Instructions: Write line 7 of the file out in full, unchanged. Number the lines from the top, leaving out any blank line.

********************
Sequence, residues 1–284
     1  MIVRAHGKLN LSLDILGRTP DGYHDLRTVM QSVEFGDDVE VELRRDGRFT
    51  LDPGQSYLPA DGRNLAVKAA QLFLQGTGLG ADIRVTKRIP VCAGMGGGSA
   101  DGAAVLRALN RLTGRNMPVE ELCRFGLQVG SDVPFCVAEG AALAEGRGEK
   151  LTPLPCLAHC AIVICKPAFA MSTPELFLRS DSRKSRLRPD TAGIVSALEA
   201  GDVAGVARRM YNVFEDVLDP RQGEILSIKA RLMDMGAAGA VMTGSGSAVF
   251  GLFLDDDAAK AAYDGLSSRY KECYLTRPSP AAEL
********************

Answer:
   251  GLFLDDDAAK AAYDGLSSRY KECYLTRPSP AAEL